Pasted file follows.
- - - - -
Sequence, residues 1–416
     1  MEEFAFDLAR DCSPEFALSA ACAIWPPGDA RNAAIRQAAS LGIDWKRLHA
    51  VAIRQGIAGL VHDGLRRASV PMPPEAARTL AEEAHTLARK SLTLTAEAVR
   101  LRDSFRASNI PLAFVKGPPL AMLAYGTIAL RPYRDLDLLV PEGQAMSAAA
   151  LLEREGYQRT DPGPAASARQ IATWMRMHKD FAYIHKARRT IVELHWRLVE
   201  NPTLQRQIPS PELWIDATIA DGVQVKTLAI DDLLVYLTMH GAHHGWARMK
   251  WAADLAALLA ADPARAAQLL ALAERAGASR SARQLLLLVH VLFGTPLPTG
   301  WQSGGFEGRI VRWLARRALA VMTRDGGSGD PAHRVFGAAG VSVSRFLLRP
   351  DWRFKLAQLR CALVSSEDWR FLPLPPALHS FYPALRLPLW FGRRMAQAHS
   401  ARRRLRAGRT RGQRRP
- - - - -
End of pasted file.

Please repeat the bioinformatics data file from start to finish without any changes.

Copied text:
Sequence, residues 1–416
     1  MEEFAFDLAR DCSPEFALSA ACAIWPPGDA RNAAIRQAAS LGIDWKRLHA
    51  VAIRQGIAGL VHDGLRRASV PMPPEAARTL AEEAHTLARK SLTLTAEAVR
   101  LRDSFRASNI PLAFVKGPPL AMLAYGTIAL RPYRDLDLLV PEGQAMSAAA
   151  LLEREGYQRT DPGPAASARQ IATWMRMHKD FAYIHKARRT IVELHWRLVE
   201  NPTLQRQIPS PELWIDATIA DGVQVKTLAI DDLLVYLTMH GAHHGWARMK
   251  WAADLAALLA ADPARAAQLL ALAERAGASR SARQLLLLVH VLFGTPLPTG
   301  WQSGGFEGRI VRWLARRALA VMTRDGGSGD PAHRVFGAAG VSVSRFLLRP
   351  DWRFKLAQLR CALVSSEDWR FLPLPPALHS FYPALRLPLW FGRRMAQAHS
   401  ARRRLRAGRT RGQRRP